Category Archives: Shorts

SHORT: VINCENT (1982)

Recommended

DIRECTED BY: Tim Burton

FEATURING: Vincent Price

PLOT: A seven year old boy wishes he could be just like the Vincent Price he sees in old movies.

Still from Vincent (1982)

WHAT MAKES IT WEIRD:  It’s not quite weird; more mildly macabre.  But it sure is cool.

COMMENTSVincent is a 5 minute poem, narrated by the mellifluous Vincent Price, about a morbid boy (also named Vincent) obsessed with emulating the horror icon’s tormented screen persona.  It’s told in a singsong, storybook cadence and given a superlative reading by Price (who was so flattered by the tribute that he proclaimed it a greater honor than a star on Hollywood Boulevard).  There are some specific references to Price’s work for the actor’s fans, though the short prefers to evoke their general atmosphere than to cite specific movies. Young Vincent’s daydreams involve dipping his aunt in wax, turning his dog into a zombie, and slowly being driven mad by his guilt over his unspeakable crimes.  A representative stanza: “Such horrible news he could not survive/For his beautiful wife had been buried alive!/He dug out her grave to make sure she was dead/Unaware that her grave was his mother’s flower bed.”  Vincent is visually impressive, deliberately shot in luminous black and white and drawing on the gloomy Gothic style of the old Universal horror movies with a powerful dose of German Expressionism.  (Burton denied being directly influenced by The Cabinet of Dr. Caligari, but he’s the only one who doesn’t notice the similarity to the silent psychological horror classic in the geometrically warped sets).  The look and childishly ghastly tone bring to mind a lighter version of the macabre black and white lithographs of Edward Gorey (who once created a primer where each letter illustrates the death of a tot).  Burton’s visual sensibility is already fully formed here, and the elements of his classic style—his comic, cathartic synthesis of fresh childhood innocence and the must of the grave—are already in evidence.  In fact, there may be no better example in the director’s entire body of work of than this crisp five minute exhibition of his talent for mixing the chuckle with the shudder.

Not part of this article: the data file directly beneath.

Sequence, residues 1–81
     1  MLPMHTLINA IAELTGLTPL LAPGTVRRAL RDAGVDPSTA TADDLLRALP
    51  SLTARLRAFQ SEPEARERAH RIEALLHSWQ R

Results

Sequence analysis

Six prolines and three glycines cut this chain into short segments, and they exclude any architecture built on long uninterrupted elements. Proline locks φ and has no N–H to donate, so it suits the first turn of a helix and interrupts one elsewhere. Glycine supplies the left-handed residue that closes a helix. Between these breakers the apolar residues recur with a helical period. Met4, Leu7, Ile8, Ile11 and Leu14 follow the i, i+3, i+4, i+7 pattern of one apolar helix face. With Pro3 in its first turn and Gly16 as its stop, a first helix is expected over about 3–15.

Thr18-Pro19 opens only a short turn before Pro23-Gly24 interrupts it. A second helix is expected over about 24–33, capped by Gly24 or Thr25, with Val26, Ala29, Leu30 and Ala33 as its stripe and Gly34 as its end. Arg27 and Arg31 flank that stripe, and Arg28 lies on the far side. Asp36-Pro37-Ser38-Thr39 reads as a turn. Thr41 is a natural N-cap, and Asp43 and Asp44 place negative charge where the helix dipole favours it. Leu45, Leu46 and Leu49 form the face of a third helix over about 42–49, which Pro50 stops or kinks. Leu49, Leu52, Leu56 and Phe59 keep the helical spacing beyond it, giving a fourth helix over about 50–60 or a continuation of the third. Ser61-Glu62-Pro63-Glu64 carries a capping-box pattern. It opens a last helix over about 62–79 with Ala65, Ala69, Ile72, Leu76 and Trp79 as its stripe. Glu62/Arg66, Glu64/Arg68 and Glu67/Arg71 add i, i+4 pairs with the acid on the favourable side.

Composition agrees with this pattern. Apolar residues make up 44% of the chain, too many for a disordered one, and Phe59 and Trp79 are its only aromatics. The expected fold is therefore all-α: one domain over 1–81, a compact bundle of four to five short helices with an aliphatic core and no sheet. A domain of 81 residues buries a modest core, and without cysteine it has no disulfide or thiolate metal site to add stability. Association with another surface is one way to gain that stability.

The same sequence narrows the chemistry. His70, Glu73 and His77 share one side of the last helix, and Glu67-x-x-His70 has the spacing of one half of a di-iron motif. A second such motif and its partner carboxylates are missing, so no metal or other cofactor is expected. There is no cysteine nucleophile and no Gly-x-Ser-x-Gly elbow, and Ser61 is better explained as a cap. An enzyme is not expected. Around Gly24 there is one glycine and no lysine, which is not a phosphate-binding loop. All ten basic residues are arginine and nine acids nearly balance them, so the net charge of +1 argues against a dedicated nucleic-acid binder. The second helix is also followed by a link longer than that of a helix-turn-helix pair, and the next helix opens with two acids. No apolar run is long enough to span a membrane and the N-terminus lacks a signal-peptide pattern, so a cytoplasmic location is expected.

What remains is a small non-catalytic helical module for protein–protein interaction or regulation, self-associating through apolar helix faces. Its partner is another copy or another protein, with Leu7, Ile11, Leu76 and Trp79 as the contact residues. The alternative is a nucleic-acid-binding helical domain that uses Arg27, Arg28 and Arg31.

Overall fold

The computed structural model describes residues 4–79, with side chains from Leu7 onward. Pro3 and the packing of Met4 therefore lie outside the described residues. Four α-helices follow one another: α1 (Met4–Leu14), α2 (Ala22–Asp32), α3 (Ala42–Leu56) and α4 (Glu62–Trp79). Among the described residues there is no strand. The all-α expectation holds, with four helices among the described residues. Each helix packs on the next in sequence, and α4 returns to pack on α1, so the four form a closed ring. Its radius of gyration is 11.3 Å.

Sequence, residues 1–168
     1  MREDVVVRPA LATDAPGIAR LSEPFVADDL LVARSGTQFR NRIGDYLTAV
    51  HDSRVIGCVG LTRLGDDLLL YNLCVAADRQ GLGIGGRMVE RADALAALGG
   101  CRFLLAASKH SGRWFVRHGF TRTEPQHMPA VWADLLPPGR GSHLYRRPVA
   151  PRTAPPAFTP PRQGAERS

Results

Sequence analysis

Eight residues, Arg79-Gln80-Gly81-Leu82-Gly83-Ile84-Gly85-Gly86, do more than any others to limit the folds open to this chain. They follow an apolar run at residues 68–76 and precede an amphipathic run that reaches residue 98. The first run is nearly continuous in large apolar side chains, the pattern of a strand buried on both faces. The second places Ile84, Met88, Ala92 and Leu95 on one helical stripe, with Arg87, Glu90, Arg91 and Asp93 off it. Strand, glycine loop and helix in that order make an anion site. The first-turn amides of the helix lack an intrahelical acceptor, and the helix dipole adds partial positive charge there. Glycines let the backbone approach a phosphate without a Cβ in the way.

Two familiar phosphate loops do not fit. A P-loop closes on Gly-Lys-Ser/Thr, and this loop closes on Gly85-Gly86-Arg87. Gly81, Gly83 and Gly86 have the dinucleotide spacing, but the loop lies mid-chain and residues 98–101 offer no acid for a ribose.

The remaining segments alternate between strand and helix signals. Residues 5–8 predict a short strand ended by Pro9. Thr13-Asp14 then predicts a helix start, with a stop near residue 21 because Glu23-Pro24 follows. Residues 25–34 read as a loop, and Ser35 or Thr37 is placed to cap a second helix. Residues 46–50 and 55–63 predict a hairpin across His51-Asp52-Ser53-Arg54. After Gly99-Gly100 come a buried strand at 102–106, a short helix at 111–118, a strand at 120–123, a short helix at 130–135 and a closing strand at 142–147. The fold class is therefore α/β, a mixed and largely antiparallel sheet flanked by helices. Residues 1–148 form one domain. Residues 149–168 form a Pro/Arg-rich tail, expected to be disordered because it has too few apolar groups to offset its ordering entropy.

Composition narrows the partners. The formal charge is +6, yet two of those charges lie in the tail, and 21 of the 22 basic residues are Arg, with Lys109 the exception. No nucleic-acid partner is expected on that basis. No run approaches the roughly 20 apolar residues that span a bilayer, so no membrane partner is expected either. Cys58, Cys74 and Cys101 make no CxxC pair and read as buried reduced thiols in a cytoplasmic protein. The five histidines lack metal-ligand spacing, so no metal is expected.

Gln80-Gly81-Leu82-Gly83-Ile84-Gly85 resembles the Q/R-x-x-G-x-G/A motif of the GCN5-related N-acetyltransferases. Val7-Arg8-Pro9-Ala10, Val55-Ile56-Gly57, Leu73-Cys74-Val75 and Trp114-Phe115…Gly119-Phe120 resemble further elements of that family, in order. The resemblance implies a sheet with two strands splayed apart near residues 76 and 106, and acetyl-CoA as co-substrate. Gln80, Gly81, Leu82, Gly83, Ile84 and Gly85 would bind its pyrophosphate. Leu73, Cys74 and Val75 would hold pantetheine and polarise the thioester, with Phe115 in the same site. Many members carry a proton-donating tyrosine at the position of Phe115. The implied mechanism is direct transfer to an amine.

Disney has traditionally made Vincent and Burton’s other pre-fame short Frankenweenie as extras on all their editions of The Nightmare Before Christmas.  The film is also included on the anthology Cinema 16: American Short Films (buy) alongside  Maya Deren‘s “Meshes of the Afternoon” and works by Andy Warhol, Todd Solondz and Gus Van Sant, among others.

WHAT THE CRITICS SAY:

“…a pastiche of styles lifted from the writings of Dr. Seuss and Edgar Allen Poe, and a range of movies from B-horror films, German expressionist works and the films of Vincent Price.”–Michael Frierson, Animation World Magazine (DVD)

[(This movie was nominated for review by reader “Maxwell Stewart.” Suggest a weird movie of your own here.)]

SATURDAY SHORT: THE ADVENTURES OF MR. COO #4 (2007)

In this fourth installment of The Adventures of Mr. Coo, Mr. Coo turns into a carrot, explodes as a castle, makes amends with a car, etc. Although this is the fourth episode, it won’t make much more sense than the first three. This series is focused more on awe-inspiring animation than plot.


(If video doesn’t play in your browser click on the player again to open a new tab).

Watch more cool animation and creative cartoons at Aniboom

SHORT: SOME FOLKS CALL IT A SLING BLADE (1994)

DIRECTED BY:  George Hickenlooper

FEATURING Billy Bob Thornton, J.T. Walsh, Molly Ringwald, Jefferson Mays, Suzanne Cryer